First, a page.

Challenging perceptions

To find out more about attitudes to engineering, in 2009 National Grid commissioned the ‘Engineering our Future’ report, carrying out more than 1,500 interviews with young people aged 14-19, their parents and teachers.

It found the general attitude was that engineering is ‘all about dirty, male, low-paid jobs that are predominantly ‘up north’ and ‘isn’t the north dying?’.

Six out of 10 respondents could not name a recent engineering achievement, and girls were found to be 10 times less likely than boys to pursue a career in engineering.

“When asked how they would feel if their daughter became an engineer, one parent said: ‘I’d hope she would have done something better with her life, like become a doctor or a lawyer’,” adds Holliday.

The research found that many of the biases were actually being propagated in primary schools, so in 2011 National Grid launched ‘School Power’ – a range of classroom resources to support teachers in teaching STEM subjects, and a specialist website that teachers, parents and pupils can access.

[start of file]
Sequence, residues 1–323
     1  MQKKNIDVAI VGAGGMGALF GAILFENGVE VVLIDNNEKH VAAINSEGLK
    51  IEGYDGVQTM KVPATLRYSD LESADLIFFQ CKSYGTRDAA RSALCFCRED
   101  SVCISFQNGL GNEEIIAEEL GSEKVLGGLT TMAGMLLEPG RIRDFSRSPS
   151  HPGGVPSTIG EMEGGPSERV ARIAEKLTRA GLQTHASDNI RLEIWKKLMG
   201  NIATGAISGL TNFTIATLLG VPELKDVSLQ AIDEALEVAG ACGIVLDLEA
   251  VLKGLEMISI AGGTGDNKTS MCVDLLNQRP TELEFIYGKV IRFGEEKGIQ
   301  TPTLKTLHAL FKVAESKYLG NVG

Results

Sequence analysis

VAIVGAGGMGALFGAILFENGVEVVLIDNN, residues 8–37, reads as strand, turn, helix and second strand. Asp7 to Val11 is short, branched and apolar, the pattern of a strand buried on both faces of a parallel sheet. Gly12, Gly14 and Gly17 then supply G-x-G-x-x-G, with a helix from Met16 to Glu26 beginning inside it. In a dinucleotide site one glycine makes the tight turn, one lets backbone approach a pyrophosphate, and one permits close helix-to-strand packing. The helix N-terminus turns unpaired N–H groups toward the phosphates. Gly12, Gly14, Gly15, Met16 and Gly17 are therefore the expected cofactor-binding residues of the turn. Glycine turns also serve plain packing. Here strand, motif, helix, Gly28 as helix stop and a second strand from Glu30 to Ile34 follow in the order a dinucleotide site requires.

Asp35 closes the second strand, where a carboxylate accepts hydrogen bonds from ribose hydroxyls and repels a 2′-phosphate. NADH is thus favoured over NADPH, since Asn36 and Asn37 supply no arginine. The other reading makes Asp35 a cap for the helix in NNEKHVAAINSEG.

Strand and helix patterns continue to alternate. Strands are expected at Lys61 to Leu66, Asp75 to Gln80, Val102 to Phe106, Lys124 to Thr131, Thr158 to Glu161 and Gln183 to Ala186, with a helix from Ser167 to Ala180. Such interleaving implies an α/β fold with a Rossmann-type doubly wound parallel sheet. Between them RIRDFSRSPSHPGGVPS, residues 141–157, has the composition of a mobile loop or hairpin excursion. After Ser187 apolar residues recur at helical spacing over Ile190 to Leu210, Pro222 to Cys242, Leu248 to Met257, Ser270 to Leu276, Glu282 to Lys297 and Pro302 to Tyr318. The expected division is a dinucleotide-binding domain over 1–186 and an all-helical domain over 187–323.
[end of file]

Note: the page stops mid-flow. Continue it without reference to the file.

The organisation’s employees regularly visit primary schools with a programme of activities to stimulate interest and excitement around energy, forces and climate change.

The aim is to get pupils to understand how engineering links to the future economy. “These are mega issues for society,” comments Holliday. “We want to inspire young people to come and do a job that can make a real difference to the planet and to our way of life in the future.”

Other initiatives to try and positively affect perceptions towards engineering include the National Grid Work Experience programme, where 100 14-15 year olds identified as high-potential in STEM subjects are invited to  the organisation’s training centre in Newark, Nottinghamshire. Pupils spend a week discussing what engineering means, and National Grid immerses them in real-world examples such as visiting power stations gas compression sites, and getting close-up to high-voltage substations, lines and cables. 

Female participation - inspiring young minds

Another topic firmly on Holliday’s agenda is increasing female participation in the sector. At present, girls are under-represented in areas of skills shortages, particularly STEM.